Calylophus serrulatus (Yellow Sundrops)

Plant Info
Also known as: Toothed Evening Primrose, Plains Yellow Primrose
Genus:Calylophus
Family:Onagraceae (Evening Primrose)
Life cycle:perennial
Origin:native
Habitat:sun; dry prairies
Bloom season:June - August
Plant height:1 to 2 feet
Wetland Indicator Status:none
MN county distribution (click map to enlarge):Minnesota county distribution map
National distribution (click map to enlarge):National distribution map

Pick an image for a larger view. See the glossary for icon descriptions.

Detailed Information

Flower: Flower shape: 4-petals

[photo of flower] Single yellow flowers in the upper leaf axils, ½ to 1 inch across, with 4 rounded petals, often quite wrinkled like crumpled tissue paper, with wavy edges that are sometimes a bit ragged, and a rounded notch at the tip. In the center are 8 yellow stamens surrounding a stigma with 4 disc-shaped lobes. The 4 sepals are less than ¼ inch long, triangular to egg-shaped with a prominent mid-rib, and reflexed down at bloom time. Flowers are stalkless but sit on top of a hairy, cylindrical ovary about 3/8 inch long that resembles a stalk.

Leaves and stems: Leaf attachment: alternate Leaf type: simple

[photo of leaves] Leaves are narrowly oblong, linear, or widest above the middle, 1 to 3 inches long and not more than ¼ inch wide, stalkless, may be toothless but usually with small, sharp teeth around the edges and short hairy on the underside. Stems are erect, green to brown, covered in stiff, fine hairs, often clustered from a root crown but not much branched, and woody in the lower stem.

Fruit: Fruit type: capsule/pod

[photo of fruit] Fruit is a slender, cylindrical capsule in the leaf axils, slightly tapered at both ends, ½ to 1¼ inches long, covered with fine, short hairs.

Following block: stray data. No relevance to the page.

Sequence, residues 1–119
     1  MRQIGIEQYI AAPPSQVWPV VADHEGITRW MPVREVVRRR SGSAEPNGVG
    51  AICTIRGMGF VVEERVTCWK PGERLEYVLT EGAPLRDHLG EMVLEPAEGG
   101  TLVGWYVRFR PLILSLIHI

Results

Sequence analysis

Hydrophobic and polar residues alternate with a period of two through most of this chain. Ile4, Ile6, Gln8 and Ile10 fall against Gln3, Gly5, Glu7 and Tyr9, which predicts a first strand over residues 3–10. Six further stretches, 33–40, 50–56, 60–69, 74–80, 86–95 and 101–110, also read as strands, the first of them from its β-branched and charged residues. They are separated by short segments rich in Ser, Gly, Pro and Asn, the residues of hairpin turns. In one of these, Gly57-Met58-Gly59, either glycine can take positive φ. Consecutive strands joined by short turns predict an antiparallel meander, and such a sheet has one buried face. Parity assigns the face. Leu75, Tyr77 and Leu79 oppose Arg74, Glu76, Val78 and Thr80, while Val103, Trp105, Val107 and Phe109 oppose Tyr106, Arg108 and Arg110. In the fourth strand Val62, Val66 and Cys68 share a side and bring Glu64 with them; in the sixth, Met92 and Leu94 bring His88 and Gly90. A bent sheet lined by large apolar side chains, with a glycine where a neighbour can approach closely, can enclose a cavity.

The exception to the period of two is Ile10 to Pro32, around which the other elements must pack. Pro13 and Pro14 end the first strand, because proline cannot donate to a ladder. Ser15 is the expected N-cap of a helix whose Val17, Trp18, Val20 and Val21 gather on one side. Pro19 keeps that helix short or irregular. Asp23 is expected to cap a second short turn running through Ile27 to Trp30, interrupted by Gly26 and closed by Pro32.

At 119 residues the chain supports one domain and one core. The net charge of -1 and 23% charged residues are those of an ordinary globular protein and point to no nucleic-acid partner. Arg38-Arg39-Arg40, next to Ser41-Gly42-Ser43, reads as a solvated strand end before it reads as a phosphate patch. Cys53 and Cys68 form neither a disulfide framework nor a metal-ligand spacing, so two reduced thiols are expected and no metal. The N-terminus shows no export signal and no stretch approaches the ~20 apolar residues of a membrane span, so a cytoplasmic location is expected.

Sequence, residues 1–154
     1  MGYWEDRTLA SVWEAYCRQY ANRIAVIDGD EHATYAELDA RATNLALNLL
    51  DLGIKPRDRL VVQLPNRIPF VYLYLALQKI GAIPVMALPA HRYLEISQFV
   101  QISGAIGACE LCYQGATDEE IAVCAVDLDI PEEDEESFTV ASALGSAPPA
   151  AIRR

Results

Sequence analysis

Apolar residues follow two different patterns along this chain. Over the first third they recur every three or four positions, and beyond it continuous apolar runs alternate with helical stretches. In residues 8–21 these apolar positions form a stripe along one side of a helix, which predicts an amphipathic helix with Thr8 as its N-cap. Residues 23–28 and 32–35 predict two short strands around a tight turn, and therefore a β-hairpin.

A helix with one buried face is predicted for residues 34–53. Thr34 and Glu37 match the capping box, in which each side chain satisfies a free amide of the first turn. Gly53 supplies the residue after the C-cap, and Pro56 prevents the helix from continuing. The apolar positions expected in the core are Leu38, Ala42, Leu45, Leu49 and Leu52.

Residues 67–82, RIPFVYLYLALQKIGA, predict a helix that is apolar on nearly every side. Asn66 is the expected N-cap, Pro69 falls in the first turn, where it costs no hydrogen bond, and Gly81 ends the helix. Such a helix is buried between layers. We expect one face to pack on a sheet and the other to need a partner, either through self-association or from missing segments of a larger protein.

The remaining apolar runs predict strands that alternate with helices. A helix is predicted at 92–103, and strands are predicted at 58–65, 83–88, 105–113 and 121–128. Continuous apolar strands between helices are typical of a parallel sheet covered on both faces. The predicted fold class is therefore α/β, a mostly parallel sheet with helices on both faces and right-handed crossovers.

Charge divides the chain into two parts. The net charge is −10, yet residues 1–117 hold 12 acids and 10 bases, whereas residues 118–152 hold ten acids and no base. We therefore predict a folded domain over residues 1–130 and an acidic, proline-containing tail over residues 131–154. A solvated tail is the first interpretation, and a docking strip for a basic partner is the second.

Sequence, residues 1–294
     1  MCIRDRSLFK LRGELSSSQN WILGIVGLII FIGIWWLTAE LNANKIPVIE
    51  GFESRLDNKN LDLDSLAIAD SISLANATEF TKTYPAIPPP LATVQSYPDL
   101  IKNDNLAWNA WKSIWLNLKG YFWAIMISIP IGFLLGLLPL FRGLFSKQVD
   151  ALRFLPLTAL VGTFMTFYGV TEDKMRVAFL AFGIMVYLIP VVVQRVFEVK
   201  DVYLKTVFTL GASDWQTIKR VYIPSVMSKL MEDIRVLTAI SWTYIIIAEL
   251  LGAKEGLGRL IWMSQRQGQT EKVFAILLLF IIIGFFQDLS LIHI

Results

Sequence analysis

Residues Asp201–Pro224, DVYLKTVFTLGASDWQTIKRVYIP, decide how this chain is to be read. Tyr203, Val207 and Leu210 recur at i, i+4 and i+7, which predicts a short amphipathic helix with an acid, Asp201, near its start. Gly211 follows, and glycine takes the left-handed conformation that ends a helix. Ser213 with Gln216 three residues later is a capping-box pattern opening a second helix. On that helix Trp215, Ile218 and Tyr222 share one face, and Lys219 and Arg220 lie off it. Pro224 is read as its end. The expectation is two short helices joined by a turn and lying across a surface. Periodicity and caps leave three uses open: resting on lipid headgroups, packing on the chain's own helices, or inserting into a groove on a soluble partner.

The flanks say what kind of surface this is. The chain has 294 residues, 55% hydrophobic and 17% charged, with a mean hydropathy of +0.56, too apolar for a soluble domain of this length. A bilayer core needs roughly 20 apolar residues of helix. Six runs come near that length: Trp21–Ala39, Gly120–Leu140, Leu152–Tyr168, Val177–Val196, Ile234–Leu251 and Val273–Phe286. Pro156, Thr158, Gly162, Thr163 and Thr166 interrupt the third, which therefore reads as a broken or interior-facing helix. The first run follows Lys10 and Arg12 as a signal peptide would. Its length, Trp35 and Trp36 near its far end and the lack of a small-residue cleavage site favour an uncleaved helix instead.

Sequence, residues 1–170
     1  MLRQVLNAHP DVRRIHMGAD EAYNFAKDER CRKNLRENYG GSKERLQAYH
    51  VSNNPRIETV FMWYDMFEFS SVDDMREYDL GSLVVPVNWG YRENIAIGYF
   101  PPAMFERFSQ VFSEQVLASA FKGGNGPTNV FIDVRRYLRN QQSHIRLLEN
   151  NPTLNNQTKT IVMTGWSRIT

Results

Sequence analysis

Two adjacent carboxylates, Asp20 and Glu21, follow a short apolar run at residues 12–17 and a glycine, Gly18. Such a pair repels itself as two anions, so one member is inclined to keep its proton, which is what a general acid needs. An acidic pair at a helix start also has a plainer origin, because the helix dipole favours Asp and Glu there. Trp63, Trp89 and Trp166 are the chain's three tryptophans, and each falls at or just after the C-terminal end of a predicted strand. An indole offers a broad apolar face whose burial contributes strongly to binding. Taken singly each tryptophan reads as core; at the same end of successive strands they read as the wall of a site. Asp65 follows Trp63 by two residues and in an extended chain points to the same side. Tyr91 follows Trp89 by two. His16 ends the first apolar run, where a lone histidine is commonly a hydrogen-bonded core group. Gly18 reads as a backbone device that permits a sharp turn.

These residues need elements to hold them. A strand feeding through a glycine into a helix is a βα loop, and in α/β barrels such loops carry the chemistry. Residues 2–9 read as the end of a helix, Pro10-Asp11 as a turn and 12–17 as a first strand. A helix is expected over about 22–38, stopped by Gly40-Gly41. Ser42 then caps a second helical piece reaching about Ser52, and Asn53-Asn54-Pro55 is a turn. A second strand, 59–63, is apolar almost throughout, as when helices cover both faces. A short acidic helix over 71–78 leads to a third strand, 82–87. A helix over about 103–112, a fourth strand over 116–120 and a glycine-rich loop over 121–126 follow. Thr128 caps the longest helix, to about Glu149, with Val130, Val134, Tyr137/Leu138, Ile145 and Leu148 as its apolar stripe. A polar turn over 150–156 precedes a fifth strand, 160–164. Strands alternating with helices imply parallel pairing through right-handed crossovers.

Notes:

At first glance, Calylophus serrulatus looks like an Oenothera and not surprisingly, at one time it was known as Oenothera serrulata. Common in dry prairies, it is typically much shorter than the tall spiked stems of other common evening primroses and has much narrower leaves. A distinction with this species is that it blooms during the day where Oenothera flowers open in afternoon or evening, for pollination by night-flying insects.

Please visit our sponsors

  • Minnesota Native Plant Society

Where to buy native seed and plants ↓

Map of native plant purveyors in the upper midwest

  • Prairie Restorations - Bringing people together with the land
  • Shop for native seeds and plants at PrairieMoon.com!
  • Shooting Star Native Seeds - Native Prairie Grass and Wildflower Seeds
  • Morning Sky Greenery - Native Prairie Plants
  • Minnesota Native Landscapes - Your Ecological Problem Solvers

More photos

Photos by K. Chayka taken at Long Lake Regional Park, Ramsey County, and at Grey Cloud Dunes SNA, Washington County. Photos courtesy Peter M. Dziuk taken in Dakota and Pope counties.

Comments

Have you seen this plant in Minnesota, or have any other comments about it?

Posted by: Nancy - Dakota and Goodhue Counties
on: 2013-08-01 10:13:50

I see this plant in remnant sand prairies and have found it in several locations. A beautiful but somewhat inconspicuous member of our native prairie flora!

Post a comment

Note: All comments are moderated before posting to keep the riff-raff out. An email address is required, but will not be posted—it will only be used for information exchange between the 2 of us (if needed) and will never be given to a 3rd party without your express permission.

For info on subjects other than plant identification (gardening, invasive species control, edible plants, etc.), please check the links and invasive species pages for additional resources.



(required)




Note: Comments or information about plants outside of Minnesota and neighboring states may not be posted because Id like to keep the focus of this web site centered on Minnesota. Thanks for your understanding.